I find it helpful to move right into visualization after meditation. Your body is already in a calm, focused state and is ready for this ritual. If you’re already in a meditation posture, you can just stay where you are. If not, either lie down or sit in a comfortable position. Just as you may have visualized yourself completing your morning routine the night before, now close your eyes and visualize your day ahead.

Start with what you’ll do after you’re done with the visualization. Will you move on to the remainder of your routine? Cook yourself breakfast? Walk the dog? Will you dress in an outfit that makes you feel good? How will the rest of your morning go? Will you greet your coworkers? Will you eat a nourishing meal for lunch? What types of interactions will you have with others around you? When will you go home? Will you sing in the car on your way home? Pick up the kids? Call your partner? Will you cook dinner, or will someone cook for you? What will you do with your evening? What feelings will you have about your day? Was it a good day?

Your visualization can be as long or as short as you like. Just make it detailed. Obviously, your day may not turn out exactly as you had visualized it. You know this, and you can be flexible.  



Give yourself some positive affirmations

Everyone has areas where they struggle to feel as good as they’d like to feel. Vocalizing positive affirmations aloud, especially about those areas of struggle, can create a positive mindset. Start off your day with confident self-talk, and cultivate a positive attitude about who you are and what you do. You can create your own affirmations based on your unique needs or look up some that may resonate with you.

To create your own, think about these things… How do you want to feel? To act? Who do you want to become? Then tell yourself that you are or will do these things. For example:

“I am feeling strong and healthy today.”

“Today, I will remember to be compassionate toward myself.”

“I am kind and loving to those around me.”

“I will be successful today.”

“Today, I will practice being mindful and patient.”

Make them meaningful to you. Tell yourself you are the person you want to be on a regular basis, and eventually, you’ll begin to believe it.



In our busy world, exercise has become a chore for many people. Unfortunately, most of us don’t get enough of it. This morning ritual is about finding space to actually enjoy movement.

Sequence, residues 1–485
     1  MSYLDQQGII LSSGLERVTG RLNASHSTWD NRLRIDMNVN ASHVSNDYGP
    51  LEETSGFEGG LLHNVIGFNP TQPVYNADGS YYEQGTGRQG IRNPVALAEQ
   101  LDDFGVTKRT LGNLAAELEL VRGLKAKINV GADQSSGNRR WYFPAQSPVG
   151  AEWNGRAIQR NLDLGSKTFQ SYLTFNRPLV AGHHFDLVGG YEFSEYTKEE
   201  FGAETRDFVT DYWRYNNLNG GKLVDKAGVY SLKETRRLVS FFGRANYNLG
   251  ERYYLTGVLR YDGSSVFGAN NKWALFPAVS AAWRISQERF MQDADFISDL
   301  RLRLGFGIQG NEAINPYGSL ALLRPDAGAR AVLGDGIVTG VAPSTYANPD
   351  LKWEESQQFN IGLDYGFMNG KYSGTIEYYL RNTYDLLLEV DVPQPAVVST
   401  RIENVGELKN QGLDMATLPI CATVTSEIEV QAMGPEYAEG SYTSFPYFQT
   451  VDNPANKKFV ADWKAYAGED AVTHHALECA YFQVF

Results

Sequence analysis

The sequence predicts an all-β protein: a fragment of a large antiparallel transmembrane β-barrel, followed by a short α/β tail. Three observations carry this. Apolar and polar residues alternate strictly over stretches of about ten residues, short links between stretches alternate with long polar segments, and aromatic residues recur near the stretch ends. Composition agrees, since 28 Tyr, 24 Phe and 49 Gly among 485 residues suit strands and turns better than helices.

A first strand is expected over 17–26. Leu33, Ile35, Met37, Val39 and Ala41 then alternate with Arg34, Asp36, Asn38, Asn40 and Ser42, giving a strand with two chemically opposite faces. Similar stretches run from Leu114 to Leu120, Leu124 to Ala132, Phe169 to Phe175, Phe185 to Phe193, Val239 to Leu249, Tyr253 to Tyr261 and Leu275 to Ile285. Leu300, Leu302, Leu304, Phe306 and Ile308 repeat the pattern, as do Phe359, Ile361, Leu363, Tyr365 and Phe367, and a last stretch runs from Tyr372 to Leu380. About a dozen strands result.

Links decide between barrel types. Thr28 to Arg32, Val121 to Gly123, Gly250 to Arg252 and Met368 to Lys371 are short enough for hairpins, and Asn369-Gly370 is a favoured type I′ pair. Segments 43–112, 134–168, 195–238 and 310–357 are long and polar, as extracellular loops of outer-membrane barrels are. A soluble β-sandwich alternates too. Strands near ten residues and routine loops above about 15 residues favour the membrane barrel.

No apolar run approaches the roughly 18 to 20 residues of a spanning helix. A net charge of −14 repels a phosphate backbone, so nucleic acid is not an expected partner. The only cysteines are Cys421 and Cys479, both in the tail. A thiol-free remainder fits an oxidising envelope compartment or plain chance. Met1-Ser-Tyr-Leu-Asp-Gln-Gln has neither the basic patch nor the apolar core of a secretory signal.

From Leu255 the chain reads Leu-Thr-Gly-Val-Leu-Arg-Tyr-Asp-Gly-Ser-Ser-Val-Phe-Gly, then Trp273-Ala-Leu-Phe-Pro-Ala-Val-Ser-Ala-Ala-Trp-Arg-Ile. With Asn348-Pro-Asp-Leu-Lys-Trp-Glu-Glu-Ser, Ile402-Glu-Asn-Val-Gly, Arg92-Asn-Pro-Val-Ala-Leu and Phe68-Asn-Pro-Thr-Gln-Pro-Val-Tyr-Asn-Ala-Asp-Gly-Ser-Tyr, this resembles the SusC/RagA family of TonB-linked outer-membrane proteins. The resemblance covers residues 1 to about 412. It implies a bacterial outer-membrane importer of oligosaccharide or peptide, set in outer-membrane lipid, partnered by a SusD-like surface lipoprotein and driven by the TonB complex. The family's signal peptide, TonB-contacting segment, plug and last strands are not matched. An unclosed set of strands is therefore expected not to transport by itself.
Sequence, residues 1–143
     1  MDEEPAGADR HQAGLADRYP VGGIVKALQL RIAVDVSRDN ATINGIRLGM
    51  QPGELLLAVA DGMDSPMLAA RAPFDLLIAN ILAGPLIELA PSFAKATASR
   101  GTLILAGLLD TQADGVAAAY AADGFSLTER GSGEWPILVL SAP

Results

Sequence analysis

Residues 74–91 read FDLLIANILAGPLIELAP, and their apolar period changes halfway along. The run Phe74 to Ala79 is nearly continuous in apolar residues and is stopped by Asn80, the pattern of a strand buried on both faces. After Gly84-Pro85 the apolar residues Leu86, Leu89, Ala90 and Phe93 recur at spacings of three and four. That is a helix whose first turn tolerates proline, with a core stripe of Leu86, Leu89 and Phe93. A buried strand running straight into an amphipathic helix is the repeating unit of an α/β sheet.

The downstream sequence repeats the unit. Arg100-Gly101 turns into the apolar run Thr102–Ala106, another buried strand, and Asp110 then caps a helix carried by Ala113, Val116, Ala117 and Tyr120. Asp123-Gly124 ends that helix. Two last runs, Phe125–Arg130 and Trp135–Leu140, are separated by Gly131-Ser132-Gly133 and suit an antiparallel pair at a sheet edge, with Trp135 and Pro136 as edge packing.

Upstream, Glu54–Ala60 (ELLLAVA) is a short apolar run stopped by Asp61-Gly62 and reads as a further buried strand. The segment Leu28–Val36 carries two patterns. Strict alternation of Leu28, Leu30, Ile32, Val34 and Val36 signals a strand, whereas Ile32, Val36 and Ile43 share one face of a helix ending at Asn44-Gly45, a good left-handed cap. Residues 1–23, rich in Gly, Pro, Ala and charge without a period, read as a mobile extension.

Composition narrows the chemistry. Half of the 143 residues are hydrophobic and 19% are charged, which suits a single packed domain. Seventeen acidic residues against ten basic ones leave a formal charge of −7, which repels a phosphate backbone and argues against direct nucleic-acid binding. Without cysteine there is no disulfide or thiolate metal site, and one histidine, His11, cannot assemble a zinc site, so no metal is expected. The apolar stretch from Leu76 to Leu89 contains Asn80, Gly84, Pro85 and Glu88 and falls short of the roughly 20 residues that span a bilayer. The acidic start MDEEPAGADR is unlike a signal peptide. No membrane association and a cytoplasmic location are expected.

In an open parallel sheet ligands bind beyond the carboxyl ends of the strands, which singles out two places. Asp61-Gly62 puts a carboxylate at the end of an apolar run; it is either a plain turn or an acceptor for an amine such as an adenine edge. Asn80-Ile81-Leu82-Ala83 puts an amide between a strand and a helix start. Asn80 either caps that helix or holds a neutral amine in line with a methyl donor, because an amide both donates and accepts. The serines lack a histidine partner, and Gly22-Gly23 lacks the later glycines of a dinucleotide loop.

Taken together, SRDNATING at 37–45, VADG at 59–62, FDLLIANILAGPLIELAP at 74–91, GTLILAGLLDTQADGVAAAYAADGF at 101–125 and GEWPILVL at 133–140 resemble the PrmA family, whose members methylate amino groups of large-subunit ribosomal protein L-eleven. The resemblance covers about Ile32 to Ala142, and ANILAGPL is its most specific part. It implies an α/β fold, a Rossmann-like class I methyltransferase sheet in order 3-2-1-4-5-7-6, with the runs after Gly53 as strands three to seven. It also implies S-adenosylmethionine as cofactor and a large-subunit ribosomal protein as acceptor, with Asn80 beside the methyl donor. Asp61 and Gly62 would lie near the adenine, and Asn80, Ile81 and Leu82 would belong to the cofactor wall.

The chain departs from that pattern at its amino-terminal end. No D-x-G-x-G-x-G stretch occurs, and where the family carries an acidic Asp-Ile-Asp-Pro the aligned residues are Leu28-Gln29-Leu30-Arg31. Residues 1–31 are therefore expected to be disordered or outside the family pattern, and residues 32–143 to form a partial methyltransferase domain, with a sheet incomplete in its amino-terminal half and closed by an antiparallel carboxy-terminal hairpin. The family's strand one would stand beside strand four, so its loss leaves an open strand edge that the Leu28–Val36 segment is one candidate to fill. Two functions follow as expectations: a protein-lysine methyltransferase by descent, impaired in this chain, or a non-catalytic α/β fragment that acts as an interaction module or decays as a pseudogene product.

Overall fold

It can be simple or complex, easy or intense, quick or lengthy. It’s your practice. You may choose to take your dog on a brisk walk or do a few full-body stretches to wake your body. You may want to use this time to get your workout on, whether it’s at home, the gym, or in a class. Your source of movement may be different everyday. The important thing is just to find enjoyment in treating your body well at the beginning of your day.

One of my personal favorite types of morning movement is yoga. It really adds to my mindfulness meditation experience. Check out Yoga with Adriene for some great at-home yoga classes. Plus, she’s local.

 And sometimes you get to go to Colorado and do yoga outside by the river with your partner...

And sometimes you get to go to Colorado and do yoga outside by the river with your partner...

If you’re reading this and thinking that you don’t have time and that this all sounds like too much to do before you even get dressed, I can guarantee that you’ll be much more energized and productive during your day if you give it a chance. In fact, just pick one morning ritual to start, and see what happens. You can add more as you go and adjust so that you can make time. You can even create your own rituals based on your needs or seek out other resources with more ideas. The book The Miracle Morning: The Not-So-Obvious Secret Guaranteed to Transform Your Life (Before 8AM) has some great detailed steps and tips.

The main thing is, find what works for you. Add, takeaway, rearrange, whatever you need to do to make morning rituals fit into your lifestyle. This practice has helped many people, and it’s definitely helped me a non-morning person turned morning(ish) person.